Helping Adolescents Thrive
Adolescence is often viewed negatively — as a difficult time of transition that exposes youth to a range of risk factors. Indeed, research has demonstrated that children are at increased risk for drug and alcohol use, sexual risk behavior, and physical fights as they transition into adolescence (Brooks, Harris, Thrall, Woods, et al. 2002). However, while adolescents face increased risk factors, most do not succumb to them.
Benson, P., & Scales, P. (2009). The definition and preliminary measurement of thriving in adolescence. The Journal of Positive Psychology, 4(1), 85-104.
Benson, P. L., Scales, P. C., Hamilton, S. H., & Sesma, A. Jr. (2006). Positive youth development: Theory, research, and applications. In W. Damon, & R. M. Lerner (Eds.), Handbook of child psychology, Vol. 1 (6th ed., pp. 894-941). New York: Wiley.
Boykin, A. W., Jagers, R. J., Ellison, C. M., & Albury, A. (1997). Communalism: Conceptualization and measurement of an Afrocultural social orientation. Journal of Black Studies, 27(3), 409-418.
Brook, J. S., & Pahl, K. (2005). The protective role of ethnic and racial identity and aspects of an Africentric orientation against drug use among African American young adults. The Journal of Genetic Psychology, 166(3), 329-345.
Damon, W. (2004). What is positive youth development? The Annals of the American Academy of Political and Social Science, 591(1), 13.
Dowling, E. M., Gestsdottir, S., Anderson, P. M., von Eye, A., Almerigi, J., & Lerner, R. M. (2004). Structural relations among spirituality, religiosity, and thriving in adolescence. Applied Developmental Science, 8(1), 7-16.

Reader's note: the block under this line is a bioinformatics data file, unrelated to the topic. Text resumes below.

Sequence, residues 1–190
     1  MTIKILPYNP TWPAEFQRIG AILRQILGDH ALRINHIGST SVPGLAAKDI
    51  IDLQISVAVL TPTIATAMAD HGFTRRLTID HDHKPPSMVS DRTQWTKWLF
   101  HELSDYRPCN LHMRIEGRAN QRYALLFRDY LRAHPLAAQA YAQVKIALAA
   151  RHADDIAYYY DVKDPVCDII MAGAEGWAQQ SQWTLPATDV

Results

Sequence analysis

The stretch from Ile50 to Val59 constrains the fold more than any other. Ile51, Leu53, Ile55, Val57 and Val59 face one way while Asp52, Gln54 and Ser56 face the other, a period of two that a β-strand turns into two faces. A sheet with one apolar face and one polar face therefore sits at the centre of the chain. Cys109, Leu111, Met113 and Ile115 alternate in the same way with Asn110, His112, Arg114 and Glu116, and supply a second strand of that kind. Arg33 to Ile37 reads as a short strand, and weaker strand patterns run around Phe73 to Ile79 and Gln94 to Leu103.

Furrow, J., King, P., & White, K. (2004). Religion and positive youth development: Identity, meaning, and prosocial concerns. Applied Developmental Science, 8(1), 17-26.
Jagers, R., Sydnor, K., Mouttapa, M., & Flay, B. (2007). Protective factors associated with preadolescent violence: Preliminary work on a cultural model. American Journal of Community Psychology, 40(1), 138-145.
Gooden, A. S. (2013). Individual and community factors associated with thriving among African American adolescents in the context of stressors. College of Science and Health Theses and Dissertations, Paper 59. http://via.library.depaul.edu/csh_etd/59
King, P., & Boyatzis, C. (2004). Exploring adolescent spiritual and religious development: Current and future theoretical and empirical perspectives. Applied Developmental Science, 8(1), 2-6.
King, P., & Furrow, J. (2008). Religion as a resource for positive youth development: Religion, social capital and moral outcomes. Psychology of Religion and Spirituality (1), 34-49.
Lerner, R., Dowling, E., & Anderson, P. (2003). Positive youth development: Thriving as the basis of personhood and civil society. Applied Developmental Science, 7(3), 172-180.
Scales, P. C., Benson, P. L., Leffert, N., & Blyth, D. A. (2000). Contribution of developmental assets to the prediction of thriving among adolescents. Applied Developmental Science, 4(1), 27-46.
Scales, P. C., Benson, P. L., & Mannes, M. (2006). The contribution to adolescent well-being made by nonfamily adults: An examination of developmental assets as contexts and processes. Journal of Community Psychology, 34(4), 401-413.
Smith, C. (2003). Theorizing religious effects among American adolescents. Journal for the Scientific Study of Religion, 42(1), 17-30.
Theokas, C., Almerigi, J. B., Lerner, R. M., Dowling, E. M., Benson, P. L., Scales, P. C., et al. (2005). Conceptualizing and modeling individual and ecological asset components of thriving in early adolescence. The Journal of Early Adolescence, 25(1), 113.
Woods, L., & Jagers, R. (2003). Are Cultural Values Predictors of Moral Reasoning in African American Adolescents? Journal of Black Psychology, 29(1), 102-118.